CrossRef Full Text

Romand, S., Wang, Y., Toledo-Rodriguez, M., and Markram, H. (2011). Morphological development of thick-tufted layer V pyramidal cells in the rat somatosensory cortex. Front. Neuroanat. 5:5.

Pubmed Abstract | Pubmed Full Text | CrossRef Full Text

Smith, T. G. Jr., and Bejar, T. N. (1994). Comparative fractal analysis of cultured glia derived from optic nerve and brain demonstrated different rates of morphological differentiation. Brain Res. 634, 181–190.

Pubmed Abstract | Pubmed Full Text | CrossRef Full Text

Smith, T. G. Jr., Lange, G. D., and Marks, W. B. (1996). Fractal methods and results in cellular morphology: dimensions, lacunarity, and multifractals. J. Neurosci. Methods 69, 123–136.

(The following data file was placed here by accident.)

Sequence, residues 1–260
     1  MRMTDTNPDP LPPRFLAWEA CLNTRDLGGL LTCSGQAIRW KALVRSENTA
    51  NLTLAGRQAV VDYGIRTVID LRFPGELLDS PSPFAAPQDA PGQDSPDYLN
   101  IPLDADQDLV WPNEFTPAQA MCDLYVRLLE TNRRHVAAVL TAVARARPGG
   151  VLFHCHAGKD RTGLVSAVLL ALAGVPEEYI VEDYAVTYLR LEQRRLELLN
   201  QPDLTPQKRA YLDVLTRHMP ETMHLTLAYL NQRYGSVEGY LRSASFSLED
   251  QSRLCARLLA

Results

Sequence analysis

Pubmed Abstract | Pubmed Full Text | CrossRef Full Text

Citation: Losa GA, Di Ieva A Grizzi F and De Vico G (2011) On the fractal nature of nervous cell system. Front. Neuroanat. 5:45. doi: 10.3389/fnana.2011.00045

Received: 14 June 2011; Accepted: 08 July 2011;
Published online: 21 July 2011.

Copyright: © 2011 Losa, Di Ieva, Grizzi and De Vico. This is an open-access article subject to a non-exclusive license between the authors and Frontiers Media SA, which permits use, distribution and reproduction in other forums, provided the original authors and source are credited and other Frontiers conditions are complied with.

*Correspondence: email: info@fractal-lab.org